• Credit check. Credit checks are less commonly performed as part of a pre-employment background check, but may be done if the role requires financial literacy.
  • Social media profiles. Employers can check any public social media information about a job candidate, and many do, in order to see if a potential new hire will be a good culture fit at their organization.
  • Driving records. Driving and motor vehicle records can be requested for roles that include driving, but not as part of a standard background check.

What types of background checks are illegal in Colombia?

  • Questions about protected characteristics. In Colombia, it's illegal to discriminate against someone based on race, gender, nationality, family origin, sexual preference or orientation, religious beliefs, and political viewpoints.
  • Background checks on political views or union affiliation. These are prohibited in Colombia.

When should you conduct Colombian employee background checks?

It's typical for pre-employment background checks to take place at the start of the employment relationship—often after an offer letter has been sent.

In many cases, the employment contract will include a clause that the offer of employment is contingent on the results of a background check. But in Colombia, you may want to do things differently. Under Colombian law, it's considered discriminatory to offer someone a job, and then rescind the offer based on the results of a background check. That's why all background checks should be done earlier in the recruitment process before an offer is made. And, to stay compliant with Colombian laws, make sure to get the applicant's written consent before conducting any background checks.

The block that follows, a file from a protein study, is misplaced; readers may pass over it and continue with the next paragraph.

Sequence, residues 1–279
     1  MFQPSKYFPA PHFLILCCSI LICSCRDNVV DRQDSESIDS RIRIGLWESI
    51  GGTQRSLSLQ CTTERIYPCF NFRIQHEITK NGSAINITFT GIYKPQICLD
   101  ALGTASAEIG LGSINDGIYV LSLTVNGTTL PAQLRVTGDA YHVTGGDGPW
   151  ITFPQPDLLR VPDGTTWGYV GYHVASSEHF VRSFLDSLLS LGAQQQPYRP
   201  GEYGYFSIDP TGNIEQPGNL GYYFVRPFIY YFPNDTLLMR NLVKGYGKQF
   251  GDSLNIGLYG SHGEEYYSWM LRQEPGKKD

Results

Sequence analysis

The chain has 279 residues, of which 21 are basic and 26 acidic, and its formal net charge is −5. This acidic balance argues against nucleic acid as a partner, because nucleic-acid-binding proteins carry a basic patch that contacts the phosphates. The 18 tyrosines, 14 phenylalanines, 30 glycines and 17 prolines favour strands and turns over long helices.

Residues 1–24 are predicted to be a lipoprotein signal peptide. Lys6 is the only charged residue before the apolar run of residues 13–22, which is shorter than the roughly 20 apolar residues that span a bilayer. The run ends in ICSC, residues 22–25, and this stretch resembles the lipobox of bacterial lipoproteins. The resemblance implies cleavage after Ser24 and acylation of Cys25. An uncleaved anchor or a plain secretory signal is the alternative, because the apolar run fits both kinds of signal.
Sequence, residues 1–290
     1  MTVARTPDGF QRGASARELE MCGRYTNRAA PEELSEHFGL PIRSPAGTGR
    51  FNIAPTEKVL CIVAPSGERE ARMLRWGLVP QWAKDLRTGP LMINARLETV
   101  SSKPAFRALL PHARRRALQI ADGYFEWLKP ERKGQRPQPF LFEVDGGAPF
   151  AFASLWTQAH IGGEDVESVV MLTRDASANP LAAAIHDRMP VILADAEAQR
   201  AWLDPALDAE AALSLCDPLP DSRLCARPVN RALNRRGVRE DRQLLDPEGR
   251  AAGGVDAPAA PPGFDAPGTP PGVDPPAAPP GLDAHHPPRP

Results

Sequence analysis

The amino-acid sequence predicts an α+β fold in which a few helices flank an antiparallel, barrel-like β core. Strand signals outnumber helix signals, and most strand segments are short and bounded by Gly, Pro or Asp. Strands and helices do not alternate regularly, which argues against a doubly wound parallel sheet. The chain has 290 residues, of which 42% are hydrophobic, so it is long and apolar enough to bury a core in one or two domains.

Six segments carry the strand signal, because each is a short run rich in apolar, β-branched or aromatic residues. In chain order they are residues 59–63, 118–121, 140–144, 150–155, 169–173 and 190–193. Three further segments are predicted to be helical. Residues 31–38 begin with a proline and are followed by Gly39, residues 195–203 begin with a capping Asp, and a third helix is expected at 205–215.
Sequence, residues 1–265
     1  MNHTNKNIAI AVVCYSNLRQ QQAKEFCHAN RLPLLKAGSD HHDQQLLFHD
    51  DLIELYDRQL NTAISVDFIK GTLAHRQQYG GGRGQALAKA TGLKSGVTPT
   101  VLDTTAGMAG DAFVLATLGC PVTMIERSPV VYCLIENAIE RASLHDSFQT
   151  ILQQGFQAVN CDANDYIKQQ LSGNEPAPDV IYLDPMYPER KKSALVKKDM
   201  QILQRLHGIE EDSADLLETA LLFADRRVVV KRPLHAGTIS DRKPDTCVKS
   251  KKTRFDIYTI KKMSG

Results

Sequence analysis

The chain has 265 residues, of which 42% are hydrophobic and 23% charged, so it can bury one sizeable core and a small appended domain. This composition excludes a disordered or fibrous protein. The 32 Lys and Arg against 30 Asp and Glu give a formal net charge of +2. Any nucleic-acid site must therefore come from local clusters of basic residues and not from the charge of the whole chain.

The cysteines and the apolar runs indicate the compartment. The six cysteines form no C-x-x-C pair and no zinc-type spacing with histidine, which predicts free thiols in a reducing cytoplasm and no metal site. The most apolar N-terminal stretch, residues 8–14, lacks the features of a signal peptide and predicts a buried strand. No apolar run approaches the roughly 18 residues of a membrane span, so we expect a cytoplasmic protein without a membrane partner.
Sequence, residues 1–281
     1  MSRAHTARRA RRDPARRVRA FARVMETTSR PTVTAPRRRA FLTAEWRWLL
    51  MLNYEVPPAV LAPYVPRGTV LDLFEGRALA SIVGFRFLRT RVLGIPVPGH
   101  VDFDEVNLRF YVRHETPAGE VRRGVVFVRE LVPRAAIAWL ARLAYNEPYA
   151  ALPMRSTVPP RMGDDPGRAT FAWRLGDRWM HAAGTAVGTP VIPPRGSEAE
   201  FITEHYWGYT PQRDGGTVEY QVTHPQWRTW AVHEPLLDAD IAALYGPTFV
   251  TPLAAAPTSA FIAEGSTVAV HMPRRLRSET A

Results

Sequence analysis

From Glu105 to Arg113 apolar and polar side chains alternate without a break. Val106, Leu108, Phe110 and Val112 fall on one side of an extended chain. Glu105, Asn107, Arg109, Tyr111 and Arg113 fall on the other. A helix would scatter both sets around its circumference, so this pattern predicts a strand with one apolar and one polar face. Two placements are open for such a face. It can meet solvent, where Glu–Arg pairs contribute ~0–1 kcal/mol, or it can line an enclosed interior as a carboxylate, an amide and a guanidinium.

The easiest way to run a background check on a Colombian employee or contractor

There are several different companies that can run background checks on employees in Colombia, including Rippling, TritonColombia, Hireright, and BackCheck. The easiest by far is Rippling, because background checks are directly integrated into the onboarding flow. 

Just enter basic hiring info like salary and start date, and Rippling will send the offer letter and new hire paperwork—and automatically run a legally compliant background check and e-verify the results. See Rippling today.

Background check mistakes to avoid in Colombia

  • Assuming background checks in Colombia are the same as in the rest of South America. Every country in South America has its own laws around employment background checks. When you hire global employees, it's crucial to follow the laws in the country where they live.
  • Not getting employee consent. Colombian labor laws say employers can't conduct any background checks without getting explicit consent from the potential employee first.
  • Running the background check at the wrong time. In many places, it's standard to run background checks after offering someone a job. In Colombia, making a job offer and rescinding it based on the finding of a background check is considered discriminatory, so you should do background checks on potential employees before making them a job offer.
  • Skipping the background check. Doing background checks in different countries can be complex and overwhelming. While it may be tempting to skip the background check altogether, don't—it's an important part of employee onboarding that helps protect your company and its workforce.

Rippling makes it easy to run background checks in Colombia.